The wide-eyed Suspiria star on Luca Guadagnino’s mesmerising horror remake.

Mia Goth as Sara stars in Suspiria
Mia Goth as Sara stars in Suspiria

There’s a scene in Luca Guadagnino’s Suspiria that is so bone-crunchingly visceral and stomach-churning that the woman next to me in the cinema is cowering behind cupped hands, murmuring, “Oh my god,” over and over again.

Achtung! There be guts. And hooks. Dance voodoo. Tilda Swinton as a choreographer. Tilda Swinton as an old man. But at the centre, a coven of witches fronting as a Berlin dance school – all in Guadagnino’s sumptuous feminist reimagining of Dario Argento’s 1977 horror.

And bolstering the v. hype cast of Tilda Swinton, Dakota Johnson and Chloë Grace Moretz, is indie queen Mia Goth, who we know by now specialises in roles of the hair-raising variety (ahem, Lars von Trier’s Nymphomaniac and A Cure For Wellness, to name only a few).

We chatted to the actress about Suspiria below…

How did you first get involved with Suspiria?
I had a Skype with Luca, and he told me he’d been a huge fan of Dario Argento’s Suspiria since he was a little boy, and now he had this opportunity. That what he wanted to do was less of a remake and more of a reimagining. He wanted dance to be a central theme and it was going to be an all female-led cast. I was incredibly excited about all of this, but didn’t hear anything for a while. Then 10 months later I was in Brazil and ended up auditioning and got the job. I cut my trip short and 2 days later I was in Italy learning how to dance.

Did you have any dance experience before?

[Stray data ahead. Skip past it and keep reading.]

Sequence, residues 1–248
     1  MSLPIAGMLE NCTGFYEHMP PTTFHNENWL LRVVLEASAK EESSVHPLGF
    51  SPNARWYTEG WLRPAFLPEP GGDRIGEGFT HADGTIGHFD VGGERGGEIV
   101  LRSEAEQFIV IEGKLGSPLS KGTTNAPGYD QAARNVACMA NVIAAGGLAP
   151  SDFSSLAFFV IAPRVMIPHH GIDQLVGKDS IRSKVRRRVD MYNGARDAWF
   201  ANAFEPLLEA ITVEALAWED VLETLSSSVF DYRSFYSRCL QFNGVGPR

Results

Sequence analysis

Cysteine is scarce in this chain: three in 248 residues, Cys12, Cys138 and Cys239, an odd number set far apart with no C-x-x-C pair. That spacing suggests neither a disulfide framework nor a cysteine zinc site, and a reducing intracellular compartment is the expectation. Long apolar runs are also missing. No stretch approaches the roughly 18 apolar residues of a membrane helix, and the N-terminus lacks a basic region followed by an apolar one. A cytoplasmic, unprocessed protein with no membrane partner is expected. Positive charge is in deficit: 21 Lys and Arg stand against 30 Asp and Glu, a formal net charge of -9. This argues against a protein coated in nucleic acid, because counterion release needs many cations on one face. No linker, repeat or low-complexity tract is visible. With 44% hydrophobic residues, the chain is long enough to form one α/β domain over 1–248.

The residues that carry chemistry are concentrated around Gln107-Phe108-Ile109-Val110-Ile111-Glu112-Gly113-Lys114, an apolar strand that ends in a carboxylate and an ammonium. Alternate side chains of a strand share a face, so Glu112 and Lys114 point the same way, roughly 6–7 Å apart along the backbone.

No, and I sort of told Luca I had. So it was a lot of pressure. I had to play catch up very quickly. But it was so enjoyable, and one of my favourite parts of that whole experience was learning to dance, and incorporating myself into this world.

How gruelling was the training process?
It was hard, especially the first week. A complete shock to the system, because they train like athletes. They’re in the studio from 9am to 5pm and they have one lunch break and that’s about it really. I was exhausted and my body was sore. But you kind of break your body into it, so by week 2 you start to move differently and you take certain precautions and use epsom salts and tiger balm and things like that.

You’ve spoken about the physical process of preparing, but did you do anything mentally to prepare?
It’s all sort of mental. A lot of it was helped by the fact that we were on location, and it was this abandoned hotel. You were able to literally step into the world whenever you needed to. We had these incredible costumes, all from the 70s. You put them on and that helped you find the character. You do your own studying, you go over the script, you ask questions and you do research.

So no weird or creepy stuff on set?
It was eerie. It was abandoned for close to 40 years and there was something very untouched about it, so when we got there it felt like we were going back in time.

So Nymphomaniac, A Cure for Wellness, Suspiria – it seems like you gravitate towards dark roles…
I think they’re just the films that I enjoy watching. I like movies that challenge you, movies that are trying to say something. When I watch a film I don’t ever really just want to be entertained. I enjoy films that engage with you in some way. I love movies that are about people. I think that’s why I really love European cinema. They have smaller budgets and the result of that is that they have to be more people driven, as opposed to plot-driven.